With 18 unsolved homicides in Fort Collins and Larimer County, and more than 1,200 statewide, a victims' rights group is pushing for increased funding to find the killers.
And they're proposing to do it by replacing the state's death penalty.
"We have killers walking among us, murderers living in our neighborhoods," said Howard Morton, executive director of Families of Homicide Victims and Mission Persons. "It's a shame that a life has been ended violently and the perpetrator never been prosecuted."
A law passed last year established a cold case task force at the Colorado Bureau of Investigations; but with limited funding. Morton said using the $3 million appropriated annually for the state's rarely used death penalty law would speed things up.
"If you're murdered in Colorado, the chances are 3 in 10 that your murderer will never be prosecuted," Morton said. "How would your family deal with that?"
Nationally, the "clearance" rate for homicides has been declining, from 76 percent in 1978 to 62 percent in 2005, the latest year for which federal statistics were available.
Cases can go cold for reasons ranging from uncooperative witnesses to incompetent investigations.
In Larimer County, some of the unsolved murders date back a century, as is the case of Joseph Allen, who was found beaten to death in 1907 in Fort Collins.
There?s 21-year-old Jessica Arredondo, who was run off the road, beaten and left in a ditch in 1988.
And someone out there knows what happened to Gay Lynn Dixon on Jan. 30, 1982, and her family is still hoping that person will step forward.
Dixon was last seen alive leaving a high school keg party; her body was found in Rist Canyon the next morning, her jaw broken and three bullet wounds to the head. She?d been 17 for less than two months.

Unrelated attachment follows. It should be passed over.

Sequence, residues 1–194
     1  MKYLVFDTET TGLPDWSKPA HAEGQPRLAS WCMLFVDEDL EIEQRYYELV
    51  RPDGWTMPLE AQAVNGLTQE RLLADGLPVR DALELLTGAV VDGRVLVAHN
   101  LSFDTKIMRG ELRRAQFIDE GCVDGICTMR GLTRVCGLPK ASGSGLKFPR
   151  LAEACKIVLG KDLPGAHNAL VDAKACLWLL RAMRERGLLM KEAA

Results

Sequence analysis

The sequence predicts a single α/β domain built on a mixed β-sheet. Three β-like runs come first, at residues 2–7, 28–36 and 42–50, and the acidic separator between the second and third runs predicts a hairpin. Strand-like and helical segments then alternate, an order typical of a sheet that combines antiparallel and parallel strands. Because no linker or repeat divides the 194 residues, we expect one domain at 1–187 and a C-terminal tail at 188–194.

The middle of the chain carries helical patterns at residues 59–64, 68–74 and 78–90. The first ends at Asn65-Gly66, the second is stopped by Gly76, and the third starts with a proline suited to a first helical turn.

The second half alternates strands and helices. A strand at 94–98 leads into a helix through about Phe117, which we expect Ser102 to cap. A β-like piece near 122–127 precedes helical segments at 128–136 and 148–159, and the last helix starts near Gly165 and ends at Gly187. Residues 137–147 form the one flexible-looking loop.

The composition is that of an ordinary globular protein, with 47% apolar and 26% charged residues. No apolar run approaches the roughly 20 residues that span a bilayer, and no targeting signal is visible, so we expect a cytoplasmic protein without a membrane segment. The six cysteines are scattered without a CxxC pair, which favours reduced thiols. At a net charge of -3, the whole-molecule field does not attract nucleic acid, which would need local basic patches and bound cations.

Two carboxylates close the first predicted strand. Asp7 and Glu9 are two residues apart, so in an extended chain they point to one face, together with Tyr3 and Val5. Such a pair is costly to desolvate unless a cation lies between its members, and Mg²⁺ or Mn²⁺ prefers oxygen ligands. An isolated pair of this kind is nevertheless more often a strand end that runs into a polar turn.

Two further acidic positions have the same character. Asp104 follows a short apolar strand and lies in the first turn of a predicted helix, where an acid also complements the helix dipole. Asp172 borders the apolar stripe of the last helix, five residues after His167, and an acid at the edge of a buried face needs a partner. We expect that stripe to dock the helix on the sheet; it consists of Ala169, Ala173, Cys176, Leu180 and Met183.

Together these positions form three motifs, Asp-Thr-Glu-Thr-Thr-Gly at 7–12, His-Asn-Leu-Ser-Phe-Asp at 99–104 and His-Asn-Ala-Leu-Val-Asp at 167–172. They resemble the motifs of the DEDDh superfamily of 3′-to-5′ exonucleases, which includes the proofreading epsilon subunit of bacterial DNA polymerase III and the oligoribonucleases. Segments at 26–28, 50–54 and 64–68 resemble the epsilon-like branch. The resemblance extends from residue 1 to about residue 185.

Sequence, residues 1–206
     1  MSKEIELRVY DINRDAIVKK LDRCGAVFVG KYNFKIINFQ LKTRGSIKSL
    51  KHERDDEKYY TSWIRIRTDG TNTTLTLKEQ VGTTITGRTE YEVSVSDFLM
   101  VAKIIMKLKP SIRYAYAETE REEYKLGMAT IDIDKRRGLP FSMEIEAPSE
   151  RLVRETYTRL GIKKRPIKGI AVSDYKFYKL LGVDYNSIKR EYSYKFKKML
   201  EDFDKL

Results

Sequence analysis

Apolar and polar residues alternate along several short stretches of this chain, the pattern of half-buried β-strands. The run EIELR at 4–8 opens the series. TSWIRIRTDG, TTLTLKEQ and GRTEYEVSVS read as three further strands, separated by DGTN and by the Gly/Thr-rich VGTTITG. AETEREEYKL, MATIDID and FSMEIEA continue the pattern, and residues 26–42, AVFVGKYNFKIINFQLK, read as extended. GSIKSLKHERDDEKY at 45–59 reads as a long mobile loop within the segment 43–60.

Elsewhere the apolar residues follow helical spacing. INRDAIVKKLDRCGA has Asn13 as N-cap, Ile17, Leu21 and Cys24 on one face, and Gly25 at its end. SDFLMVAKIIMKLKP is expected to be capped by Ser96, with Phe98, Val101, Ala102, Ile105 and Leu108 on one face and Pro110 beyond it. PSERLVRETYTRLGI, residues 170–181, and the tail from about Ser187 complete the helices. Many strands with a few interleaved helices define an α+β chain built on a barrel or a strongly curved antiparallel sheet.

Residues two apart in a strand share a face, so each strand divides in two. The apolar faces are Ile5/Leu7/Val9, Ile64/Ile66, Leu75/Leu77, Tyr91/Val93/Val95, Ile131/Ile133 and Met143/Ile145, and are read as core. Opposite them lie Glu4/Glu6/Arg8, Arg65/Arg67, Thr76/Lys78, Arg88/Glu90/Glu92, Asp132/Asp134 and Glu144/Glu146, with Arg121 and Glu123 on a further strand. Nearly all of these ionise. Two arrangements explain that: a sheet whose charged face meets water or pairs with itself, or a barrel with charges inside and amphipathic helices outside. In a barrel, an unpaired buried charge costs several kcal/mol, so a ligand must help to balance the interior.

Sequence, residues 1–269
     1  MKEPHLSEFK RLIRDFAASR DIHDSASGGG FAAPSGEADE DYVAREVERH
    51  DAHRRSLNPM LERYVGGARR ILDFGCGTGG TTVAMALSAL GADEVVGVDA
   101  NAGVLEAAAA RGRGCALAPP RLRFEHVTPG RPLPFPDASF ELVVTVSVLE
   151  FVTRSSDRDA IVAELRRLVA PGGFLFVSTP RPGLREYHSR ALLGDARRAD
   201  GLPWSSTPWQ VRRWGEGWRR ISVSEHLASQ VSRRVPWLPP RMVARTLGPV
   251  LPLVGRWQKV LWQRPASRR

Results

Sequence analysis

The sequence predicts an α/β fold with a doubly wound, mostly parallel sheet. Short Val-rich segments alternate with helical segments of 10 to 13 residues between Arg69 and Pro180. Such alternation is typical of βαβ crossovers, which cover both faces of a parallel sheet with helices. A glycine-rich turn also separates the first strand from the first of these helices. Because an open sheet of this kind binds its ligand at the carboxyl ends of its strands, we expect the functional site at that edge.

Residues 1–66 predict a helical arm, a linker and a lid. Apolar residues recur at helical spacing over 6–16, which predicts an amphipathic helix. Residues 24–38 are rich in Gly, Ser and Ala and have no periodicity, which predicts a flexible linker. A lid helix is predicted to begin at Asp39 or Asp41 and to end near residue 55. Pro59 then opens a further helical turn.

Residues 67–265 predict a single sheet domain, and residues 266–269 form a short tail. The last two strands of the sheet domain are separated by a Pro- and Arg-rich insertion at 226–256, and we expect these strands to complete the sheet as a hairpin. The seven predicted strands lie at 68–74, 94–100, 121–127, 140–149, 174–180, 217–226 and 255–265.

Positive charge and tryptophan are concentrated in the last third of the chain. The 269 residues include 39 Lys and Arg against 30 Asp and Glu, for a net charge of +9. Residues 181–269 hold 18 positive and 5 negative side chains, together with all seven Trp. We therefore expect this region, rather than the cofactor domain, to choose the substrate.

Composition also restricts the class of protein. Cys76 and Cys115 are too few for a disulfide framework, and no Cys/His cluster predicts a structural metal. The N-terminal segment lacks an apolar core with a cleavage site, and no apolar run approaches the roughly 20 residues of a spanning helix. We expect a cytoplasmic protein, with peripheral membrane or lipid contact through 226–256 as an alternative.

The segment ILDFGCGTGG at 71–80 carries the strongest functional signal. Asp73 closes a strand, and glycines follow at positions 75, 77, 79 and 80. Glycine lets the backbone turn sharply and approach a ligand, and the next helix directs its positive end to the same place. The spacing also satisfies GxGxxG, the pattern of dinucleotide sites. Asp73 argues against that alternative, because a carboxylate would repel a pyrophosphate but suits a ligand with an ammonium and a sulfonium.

?The hope that I have is that the people who were around and the information that they have,? said Laurie Wideman, Dixon?s sister, last summer. ?I hope that, as they mature, they?ll be able to come forward.?
Peggy Hettrick, who was found fatally stabbed and mutilated in Fort Collins in 1987 is not on the list, likely because her case was considered ?solved? when Morton?s group compiled this list.
But earlier this year, a judge freed and vacated the life prison sentence of Tim Masters, the man convicted in her death. Morton said it?s possible Hettrick would not be included on the list now because her case remains under active investigation by Colorado Attorney General John Suthers.
Morton said he?s learned over the past five years that hammering on local law enforcement to reopen cases is often unproductive. The new law requires agencies to turn over cold cases to Colorado Bureau of Investigation if survivors request it.
?The objective is to get more resources to effectively address our unsolved murders,? Morton said.
That being said, he added, ?the time to solve a crime is when it happens, not 20 years later. We need to put those people behind bars.?